A simple underground house design uses a novel insulating/water-shedding blanket that covers the structure and surrounding soil. The umbrella creates a huge subterranean thermal reservoir that soaks up the sun’s energy during summertime and stores it for winter heating. In many cases, the clever design makes a heating system unnecessary.
By John Hait
My first earth-sheltered house, an underground geodesic dome was partially complete when the truckload of insulation my colleagues and I had ordered arrived. Right away, we knew we had a problem: How do you put flat, rigid polystyrene insulation on a round house?
We called housing experts all over the country, but no one had any ideas. Finally, Ray Sterling at the University of Minnesota’s Underground Space Center suggested that we place a flat, insulating “umbrella” in the earth above the building. This, he said, would keep the domelike house warm by insulating the soil around it.
“What a marvelous idea!” I thought when I heard his advice. After two weeks of rigorous examination, I realized that the concept was even more promising than I’d supposed. By then I was convinced that the dry earth under an insulating/water-shedding umbrella could store enough free solar heat from the summertime to warm the house through the entire winter (see diagrams above). This meant that a house could actually be constructed with an unchanging built-in temperature, which would make heating and cooling equipment unnecessary. Now, five years later, I still think it’s a marvelous idea. The Geodome, the house we built in the cold and cloudy climate of western Montana, remains at 66 to 68 degrees F, even through the coldest winters.
The success of the Geodome led to the establishment of the Rocky Mountain Research Center, a nonprofit organization dedicated to the development of what is now called the passive annual heat storage (PAHS) approach to free year-round passive-solar heating. Four basic points make PAHS different from techniques used in conventional solar-heated earth-sheltered houses:
– The house’s window shades are opened to collect solar heat in summer.
– The umbrella’s laminated sandwich of polystyrene insulation and polyethylene sheeting (about R-20) insulates a huge mass of surrounding dirt instead of just the house.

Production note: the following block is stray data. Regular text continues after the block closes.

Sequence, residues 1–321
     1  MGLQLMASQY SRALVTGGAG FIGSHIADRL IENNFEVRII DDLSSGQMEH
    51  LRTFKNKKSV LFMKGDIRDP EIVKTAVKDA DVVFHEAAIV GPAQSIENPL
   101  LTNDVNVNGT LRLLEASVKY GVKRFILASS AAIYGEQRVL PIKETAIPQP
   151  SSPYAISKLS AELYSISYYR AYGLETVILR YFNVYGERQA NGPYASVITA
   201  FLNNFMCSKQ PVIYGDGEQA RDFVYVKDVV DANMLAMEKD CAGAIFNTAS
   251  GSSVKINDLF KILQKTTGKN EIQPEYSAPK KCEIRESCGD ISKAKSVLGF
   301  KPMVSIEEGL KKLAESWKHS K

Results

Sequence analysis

– The umbrella sheds water to keep the soil around the house dry.
– The natural-convection-driven ventilation tubes (see below) provide very high heat retention efficiency by acting as counter-flow heat exchangers.
Read the full article that was published in Popular Science magazine at the source: Earth Shelters.com (more good diagrams and details)
7 thoughts on “PAHS Principles Explained”
Can I built with earth bags a rectangular form and not a round house?
Yes, earthbags can be used for rectilinear construction.
thanks for your answer.Something more. Is it possible to hold 5;5 meters wide ? With round scheme on the top of course. Do you believe it is better to build the rectangular building with earthbqgs or with cob? I want to put soil and plants on the top and leave two sides open like a tunnel. Which construction is stronger to hold the soil on the top?
What I meant to say is that in general it is possible to build rectangular buildings with earthbags, not that this is a good idea for underground structures. In fact, rounded shapes do much better underground in general. I am not sure I comprehend exactly what you have in mind, but earthbags are more suitable for underground building than cob. Neither is likely to be useful for making a green roof, as you suggest.
Interesting that when the time is right you get the answers you are looking for. I’m helping some friends with a house design and remembered Mike Oehler’s $50 house concept which has been improved upon and is explained very well by Paul Wheaton: http://www.richsoil.com/wofati.jsp
Now the information shows up here as well as if to confirm my suspicion that this may be the perfect set of design principles for them. Thank you!!
That dry and insulated soil layer is brilliant.
This reminds me of the way landfills are covered and sealed by melting the polyethylene sheets together. I imagine these sheets are quite pricy now, but a very effective means to keep water off the insulating soil.
I remember reading this article as a teenager, I just knew it was the right answer. I dug up that article 20 years later when my wife and I were going to build a house. But I got lost in the poured concrete and mortgages and the need for “comps” and resale value.
If I had only known about earthbag building at the time. The two are near perfect compliments.